For hundreds of years, natural gas has been known as a very useful substance. The Chinese discovered a very long time ago that the energy in natural gas could be harnessed, and used to heat water. In the early days of the natural gas industry, the gas was mainly used to light streetlamps, and the occasional house. However, with much improved distribution channels and technological advancements, natural gas is being used in ways never thought possible.

There are so many different applications for this fossil fuel that it is hard to provide an exhaustive list of everything it is used for. And no doubt, new uses are being discovered all the time. Natural gas has many applications, commercially, in your home, in industry, and even in the transportation sector! While the uses described here are not exhaustive, they may help to show just how many things natural gas can do.

Natural gas is one of the most popular fuels for residential heating. According to theAmerican Gas Asssociation (AGA), 51 percent of heated homes in the U.S. (or 49.1 million households), used natural gas heating in 2000.In addition to heating homes, natural gas can also be used to help cool houses, through natural gas powered air conditioning.Some examples of other natural gas appliances include space heaters, clothes dryers, pool and jacuzzi heaters, fireplaces, barbecues, garage heaters, and outdoor lights.Commercial uses of natural gas are very similar to residential uses. The commercial sector includes public and private enterprises, like office buildings, schools, churches, hotels, restaurants, and government buildings. The main uses of natural gas in this sector include space heating, water heating, and cooling. For restaurants and other establishments that require cooking facilities, natural gas is a popular choice to fulfill these needs.

Natural gas has a multitude of industrial uses, including providing the base ingredients for such varied products as plastic, fertilizer, anti-freeze, and fabrics.Natural gas is consumed primarily in the pulp and paper, metals, chemicals, petroleum refining, stone, clay and glass, plastic, and food processing industries. These businesses account for over 84 percent of all industrial natural gas use.Natural gas is also used for waste treatment and incineration, metals preheating (particularly for iron and steel), drying and dehumidification, glass melting, food processing, and fueling industrial boilers. Natural gas may also be used as a feedstock for the manufacturing of a number of chemicals and products. Gases such as butane, ethane, and propane may be extracted from natural gas to be used as a feedstock for such products as fertilizers and pharmaceutical products.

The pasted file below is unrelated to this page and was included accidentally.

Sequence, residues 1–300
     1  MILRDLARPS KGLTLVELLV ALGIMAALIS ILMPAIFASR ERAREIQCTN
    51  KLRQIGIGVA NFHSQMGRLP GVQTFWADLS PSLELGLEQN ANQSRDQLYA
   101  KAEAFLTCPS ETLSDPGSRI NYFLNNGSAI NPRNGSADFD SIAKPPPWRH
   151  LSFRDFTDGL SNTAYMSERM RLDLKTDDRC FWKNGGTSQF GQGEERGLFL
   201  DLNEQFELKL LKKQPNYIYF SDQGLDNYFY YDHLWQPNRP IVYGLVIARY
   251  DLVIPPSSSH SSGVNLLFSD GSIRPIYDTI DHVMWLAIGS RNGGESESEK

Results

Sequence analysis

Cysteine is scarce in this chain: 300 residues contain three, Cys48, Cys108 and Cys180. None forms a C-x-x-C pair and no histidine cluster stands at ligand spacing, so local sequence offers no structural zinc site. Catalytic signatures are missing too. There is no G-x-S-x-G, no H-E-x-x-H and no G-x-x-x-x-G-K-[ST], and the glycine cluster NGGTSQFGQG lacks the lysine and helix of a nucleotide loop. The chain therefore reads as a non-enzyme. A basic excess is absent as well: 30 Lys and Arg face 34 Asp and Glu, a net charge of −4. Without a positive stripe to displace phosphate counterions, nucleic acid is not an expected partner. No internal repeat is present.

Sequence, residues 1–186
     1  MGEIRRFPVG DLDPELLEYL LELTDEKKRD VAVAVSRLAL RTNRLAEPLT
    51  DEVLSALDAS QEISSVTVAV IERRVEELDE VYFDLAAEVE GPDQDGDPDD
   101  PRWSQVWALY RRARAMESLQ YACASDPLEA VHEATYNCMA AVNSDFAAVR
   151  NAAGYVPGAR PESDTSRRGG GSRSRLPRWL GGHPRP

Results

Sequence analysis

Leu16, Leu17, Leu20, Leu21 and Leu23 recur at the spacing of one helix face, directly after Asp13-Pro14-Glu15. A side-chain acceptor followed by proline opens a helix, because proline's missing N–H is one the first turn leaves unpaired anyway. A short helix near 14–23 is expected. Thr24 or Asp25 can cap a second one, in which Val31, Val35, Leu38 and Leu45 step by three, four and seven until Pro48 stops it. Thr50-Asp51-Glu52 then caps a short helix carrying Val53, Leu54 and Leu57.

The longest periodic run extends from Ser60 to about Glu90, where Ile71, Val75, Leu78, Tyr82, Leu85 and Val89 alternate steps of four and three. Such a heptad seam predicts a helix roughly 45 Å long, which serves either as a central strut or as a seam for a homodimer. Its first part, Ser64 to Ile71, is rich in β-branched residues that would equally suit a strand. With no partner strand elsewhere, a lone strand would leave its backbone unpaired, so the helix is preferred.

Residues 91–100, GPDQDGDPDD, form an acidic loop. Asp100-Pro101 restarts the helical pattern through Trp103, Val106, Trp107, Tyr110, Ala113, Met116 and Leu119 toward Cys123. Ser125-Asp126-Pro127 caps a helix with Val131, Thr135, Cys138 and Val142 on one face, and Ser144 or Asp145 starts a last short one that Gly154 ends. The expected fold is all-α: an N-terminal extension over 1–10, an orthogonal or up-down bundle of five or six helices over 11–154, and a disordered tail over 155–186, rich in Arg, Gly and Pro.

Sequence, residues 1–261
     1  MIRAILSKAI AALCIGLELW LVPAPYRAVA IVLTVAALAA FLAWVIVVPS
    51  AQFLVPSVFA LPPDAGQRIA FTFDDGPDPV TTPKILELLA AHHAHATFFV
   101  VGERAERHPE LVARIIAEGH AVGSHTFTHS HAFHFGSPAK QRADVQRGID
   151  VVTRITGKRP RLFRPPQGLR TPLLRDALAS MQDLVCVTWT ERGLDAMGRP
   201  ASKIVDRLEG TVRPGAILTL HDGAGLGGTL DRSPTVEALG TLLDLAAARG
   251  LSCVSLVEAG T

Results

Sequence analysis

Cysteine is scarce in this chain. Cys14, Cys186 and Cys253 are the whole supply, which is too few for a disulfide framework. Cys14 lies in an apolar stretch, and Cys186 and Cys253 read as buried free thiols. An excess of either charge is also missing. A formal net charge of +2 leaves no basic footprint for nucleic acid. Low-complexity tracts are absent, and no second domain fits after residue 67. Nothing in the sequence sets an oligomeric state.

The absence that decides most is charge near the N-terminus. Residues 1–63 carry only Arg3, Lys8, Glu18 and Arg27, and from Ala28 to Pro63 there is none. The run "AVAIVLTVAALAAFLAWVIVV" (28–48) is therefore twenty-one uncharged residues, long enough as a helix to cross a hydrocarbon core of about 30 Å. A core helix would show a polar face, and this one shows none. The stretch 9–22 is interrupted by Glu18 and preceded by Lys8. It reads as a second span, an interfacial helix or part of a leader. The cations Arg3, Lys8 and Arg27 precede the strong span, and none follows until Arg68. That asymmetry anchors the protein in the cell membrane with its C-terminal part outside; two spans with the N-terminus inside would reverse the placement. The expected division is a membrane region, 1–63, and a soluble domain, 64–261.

Natural gas has long been considered an alternative fuel for the transportation sector. In fact, natural gas has been used to fuel vehicles since the 1930’s! There are about 110,000 NGVs on U.S. roads today and more than 12 million worldwide. There are about 1,000 NGV fueling stations in the U.S. – and about half of them are open to the public.Most natural gas vehicles operate using compressed natural gas (CNG). This compressed gas is stored in similar fashion to a car’s gasoline tank, attached to the rear, top, or undercarriage of the vehicle in a tube shaped storage tank. A CNG tank can be filled in a similar manner, and in a similar amount of time, to a gasoline tank.

Natural gas, because of its clean burning nature, has become a very popular fuel for the generation of electricity. In the 1970’s and 80’s, the choices for most electric utility generators were large coal or nuclear powered plants; but, due to economic, environmental, and technological changes, natural gas has become the fuel of choice for new power plants.

Generation of Electricity by Fuel Source 1996-2009
Historical Eletricity generation by fuel source